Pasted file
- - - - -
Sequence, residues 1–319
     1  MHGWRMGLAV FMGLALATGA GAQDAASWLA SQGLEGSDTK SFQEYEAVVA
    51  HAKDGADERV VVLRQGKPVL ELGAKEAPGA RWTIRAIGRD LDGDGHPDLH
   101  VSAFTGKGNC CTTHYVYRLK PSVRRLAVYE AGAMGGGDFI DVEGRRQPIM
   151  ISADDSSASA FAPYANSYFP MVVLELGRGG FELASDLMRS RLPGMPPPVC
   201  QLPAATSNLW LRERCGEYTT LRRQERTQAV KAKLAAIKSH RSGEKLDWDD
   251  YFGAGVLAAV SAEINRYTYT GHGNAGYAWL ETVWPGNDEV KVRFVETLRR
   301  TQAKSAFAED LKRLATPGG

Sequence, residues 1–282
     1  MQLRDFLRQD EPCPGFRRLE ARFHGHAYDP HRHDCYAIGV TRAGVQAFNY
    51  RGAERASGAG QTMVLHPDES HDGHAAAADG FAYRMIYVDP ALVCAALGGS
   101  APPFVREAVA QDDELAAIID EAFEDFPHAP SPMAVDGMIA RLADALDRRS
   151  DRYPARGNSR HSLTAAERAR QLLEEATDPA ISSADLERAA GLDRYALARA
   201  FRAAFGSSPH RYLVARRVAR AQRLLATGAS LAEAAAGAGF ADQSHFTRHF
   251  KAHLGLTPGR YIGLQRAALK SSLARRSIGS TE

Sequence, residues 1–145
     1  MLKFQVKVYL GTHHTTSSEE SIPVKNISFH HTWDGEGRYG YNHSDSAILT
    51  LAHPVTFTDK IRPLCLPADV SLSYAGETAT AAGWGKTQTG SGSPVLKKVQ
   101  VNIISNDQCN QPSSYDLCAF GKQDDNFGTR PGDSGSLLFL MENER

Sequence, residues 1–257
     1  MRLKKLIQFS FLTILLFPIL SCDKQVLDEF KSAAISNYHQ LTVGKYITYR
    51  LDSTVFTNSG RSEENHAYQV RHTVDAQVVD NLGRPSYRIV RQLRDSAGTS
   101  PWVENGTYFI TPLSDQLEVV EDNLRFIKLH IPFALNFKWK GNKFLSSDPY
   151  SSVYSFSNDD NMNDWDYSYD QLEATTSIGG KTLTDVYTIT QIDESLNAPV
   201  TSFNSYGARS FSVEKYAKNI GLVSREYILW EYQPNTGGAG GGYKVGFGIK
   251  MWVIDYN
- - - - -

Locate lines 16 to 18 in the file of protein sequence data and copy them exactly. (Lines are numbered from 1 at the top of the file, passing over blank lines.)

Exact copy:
Sequence, residues 1–145
     1  MLKFQVKVYL GTHHTTSSEE SIPVKNISFH HTWDGEGRYG YNHSDSAILT
    51  LAHPVTFTDK IRPLCLPADV SLSYAGETAT AAGWGKTQTG SGSPVLKKVQ